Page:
Reuters News Agency this week reports that London Mayor Ken Livingstone is to face a disciplinary hearing regarding allegedly anti-Semitic remarks made during a heated exchange with the Evening Standard’s Oliver Finegold back in February of this year. The matter relates to a series of curt retorts by an irritated and hounded Mayor in response to an aggressive, unsolicited telephone call from Mr Finegold after a function in February. In a clear attack at the journalist’s mercenary cynicism, Livingstone suggested that he was “Just like a concentration camp guard…doing it because you’re paid to.” Mr Finegold replied that, as a Jew himself, he found this comment offensive, and there followed a substantial press campaign on the part of the Standard to expose the “racist” Mr Livingstone.. A leading Jewish group has since made a complaint, and the Ethical Standards Officer has concluded that the Mayor must face a disciplinary hearing. The adjudicating panel will be able to impose penalties ranging from censure to a five year ban from public office.
The imposition of any penalty on Mr Livingstone would constitute a massive coup for the Evening Standard, a subsidiary of Associated Newspapers, the company which also owns the Daily Mail. The company’s traditional hostility towards Livingstone and other progressive public figures predates the Mayor’s comfortable electoral defeats of their own favoured Conservative and Liberal Democrat candidates. For this company to put themselves forward as defenders of pluralism and racial tolerance would be so disingenuous as to reek of the most base hypocrisy and perverse duplicity. For while Mr Livingstone’s record on race relations is pretty well beyond reproach, their publications have for some time poisoned the intellectual life of this country with a barely-concealed racialism. It would be no exaggeration to suppose that, in the context of the 1930s and 1940s, Jews fleeing the Nazi terror would have got little sympathy from newspaper editors obsessively determined to prevent the country being “swamped” by asylum seekers.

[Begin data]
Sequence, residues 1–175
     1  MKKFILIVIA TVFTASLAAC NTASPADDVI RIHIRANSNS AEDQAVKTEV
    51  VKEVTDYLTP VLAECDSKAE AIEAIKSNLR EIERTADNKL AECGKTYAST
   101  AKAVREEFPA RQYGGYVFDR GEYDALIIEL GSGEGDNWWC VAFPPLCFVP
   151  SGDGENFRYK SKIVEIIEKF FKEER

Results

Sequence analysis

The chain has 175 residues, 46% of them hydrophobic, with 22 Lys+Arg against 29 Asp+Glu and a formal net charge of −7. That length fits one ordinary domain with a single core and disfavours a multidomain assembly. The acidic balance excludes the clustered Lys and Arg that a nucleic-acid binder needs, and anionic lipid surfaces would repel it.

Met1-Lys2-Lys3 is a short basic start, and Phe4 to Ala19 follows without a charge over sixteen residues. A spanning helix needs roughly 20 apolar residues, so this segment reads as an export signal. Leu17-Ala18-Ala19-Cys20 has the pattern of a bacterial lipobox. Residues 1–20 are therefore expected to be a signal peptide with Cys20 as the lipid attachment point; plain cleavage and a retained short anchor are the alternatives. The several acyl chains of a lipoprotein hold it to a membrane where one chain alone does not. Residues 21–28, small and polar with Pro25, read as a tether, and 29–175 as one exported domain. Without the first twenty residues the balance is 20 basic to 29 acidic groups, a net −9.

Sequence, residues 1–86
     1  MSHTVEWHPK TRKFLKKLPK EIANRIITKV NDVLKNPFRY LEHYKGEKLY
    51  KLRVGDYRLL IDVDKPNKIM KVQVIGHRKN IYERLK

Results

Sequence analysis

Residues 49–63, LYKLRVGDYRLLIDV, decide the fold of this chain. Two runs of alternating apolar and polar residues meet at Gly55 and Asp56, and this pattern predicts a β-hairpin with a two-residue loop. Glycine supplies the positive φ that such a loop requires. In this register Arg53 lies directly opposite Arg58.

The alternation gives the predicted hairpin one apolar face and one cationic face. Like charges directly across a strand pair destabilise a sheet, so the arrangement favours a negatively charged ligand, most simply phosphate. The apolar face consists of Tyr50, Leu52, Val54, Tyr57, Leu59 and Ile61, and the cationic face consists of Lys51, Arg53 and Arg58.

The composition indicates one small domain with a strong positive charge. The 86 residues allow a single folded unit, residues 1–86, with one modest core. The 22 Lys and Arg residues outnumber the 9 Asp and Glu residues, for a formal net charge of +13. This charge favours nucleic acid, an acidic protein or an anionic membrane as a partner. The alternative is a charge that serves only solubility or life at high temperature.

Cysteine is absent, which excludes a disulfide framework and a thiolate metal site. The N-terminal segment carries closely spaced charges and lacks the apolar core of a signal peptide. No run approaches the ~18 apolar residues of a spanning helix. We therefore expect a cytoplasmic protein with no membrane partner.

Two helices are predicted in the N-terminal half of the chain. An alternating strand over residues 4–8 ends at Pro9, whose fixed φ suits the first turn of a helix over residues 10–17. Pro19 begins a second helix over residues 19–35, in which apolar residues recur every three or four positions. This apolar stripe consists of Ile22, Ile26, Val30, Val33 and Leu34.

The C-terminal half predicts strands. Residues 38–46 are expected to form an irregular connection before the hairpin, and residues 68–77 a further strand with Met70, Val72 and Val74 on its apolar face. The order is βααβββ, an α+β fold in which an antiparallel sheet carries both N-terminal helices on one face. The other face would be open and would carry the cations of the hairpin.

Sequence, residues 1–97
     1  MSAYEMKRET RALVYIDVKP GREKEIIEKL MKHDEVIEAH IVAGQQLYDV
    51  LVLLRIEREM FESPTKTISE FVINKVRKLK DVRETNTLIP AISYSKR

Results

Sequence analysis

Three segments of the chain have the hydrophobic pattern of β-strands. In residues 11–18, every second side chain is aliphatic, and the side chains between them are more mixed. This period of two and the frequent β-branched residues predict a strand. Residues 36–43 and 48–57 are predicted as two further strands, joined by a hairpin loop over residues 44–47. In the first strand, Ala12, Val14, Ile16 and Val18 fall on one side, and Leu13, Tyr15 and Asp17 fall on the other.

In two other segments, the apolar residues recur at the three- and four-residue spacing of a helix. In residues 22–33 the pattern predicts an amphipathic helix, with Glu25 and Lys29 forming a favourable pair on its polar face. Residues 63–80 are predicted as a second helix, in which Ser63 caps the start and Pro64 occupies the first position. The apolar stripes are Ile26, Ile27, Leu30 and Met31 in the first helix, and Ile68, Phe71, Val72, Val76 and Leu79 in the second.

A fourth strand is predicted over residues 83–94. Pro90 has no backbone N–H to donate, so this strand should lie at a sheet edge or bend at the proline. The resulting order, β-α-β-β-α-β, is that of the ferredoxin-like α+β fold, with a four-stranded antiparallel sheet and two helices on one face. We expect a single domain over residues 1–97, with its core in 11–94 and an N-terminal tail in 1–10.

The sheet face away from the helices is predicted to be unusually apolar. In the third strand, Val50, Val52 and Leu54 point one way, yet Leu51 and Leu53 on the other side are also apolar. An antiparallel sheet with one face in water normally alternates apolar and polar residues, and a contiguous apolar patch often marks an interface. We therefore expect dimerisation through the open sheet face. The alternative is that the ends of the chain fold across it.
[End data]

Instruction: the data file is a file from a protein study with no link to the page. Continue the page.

While Livingstone supported Mandela and the African National Congress in their struggle for apartheid, Associated Newspapers denounced them as terrorists. Indeed, when we consider that Associated Newspapers was unequivocally supportive of Hitler’s Germany right up until the eve of the Second World War – by which time the persecution of the Jews had been ongoing, and very much public knowledge, for many years – the sheer cheek of the complainants seems quite astonishing. The adjudicating panel would be advised to consider that, that same February, senior Associated Newspaper staff appeared at a Daily Mail party dressed in Nazi uniforms. As yet the company have not issued an apology in respect of this incident.
Mr Livingstone’s choice of words, taken at its worst, was certainly ill-considered, but by no reasonable standards can the remarks be taken as racist. Indeed, they may be taken to form the basis of a coherent argument, indicting those, like concentration camp guards, who tow the line in the face of humanitarian crises and are morally complicit in the large-scale slaughter. The connection between a Nazi who “just followed orders” and a reporter who blindly follows his newspaper’s official line despite its virulent crypto-racist leanings is far from tenuous. It is Associated Newspapers’ brand of cheap journalism, characterised by simplistic, chauvinistic rhetoric and bigotry that helps racism take root in a society. Furthermore, it is a mark of the moral fibre of these people that they are happy to use so sensitive an issue as this one as a means of attempting to settle a personal grudge.
One further point is of interest, and that is the role of the particular Jewish group that has made the complaint. That they chose to complain about this remark – which in its content is not in the slightest way derogatory towards Jews – suggests a regrettable tendency towards hysterical censorship at almost any mention of the Holocaust, presumably on the basis that such a mention is disrespectful to the memory of the victims. To set the Jewish tragedy aside as something that can never be likened to anything else, even in abstract discussions on moral complicity, is to make a grave error. It is to fail to consider that a mass slaughter occurred because people and institutions allowed it to happen – to give the Holocaust an otherworldly, transcendental status would only serve to dehumanise it and stifle debate about human complicity – moral, social and political – in these crimes. The memory of the victims of the Nazi Holocaust, so often cited as the legitimate basis for such reactionary sensitivities, would be best served by abandoning pretensions to an elevated status that cannot be spoken about. As indeed would the memories of countless indigenous Americans, countless Armenians, and countless Rwandans.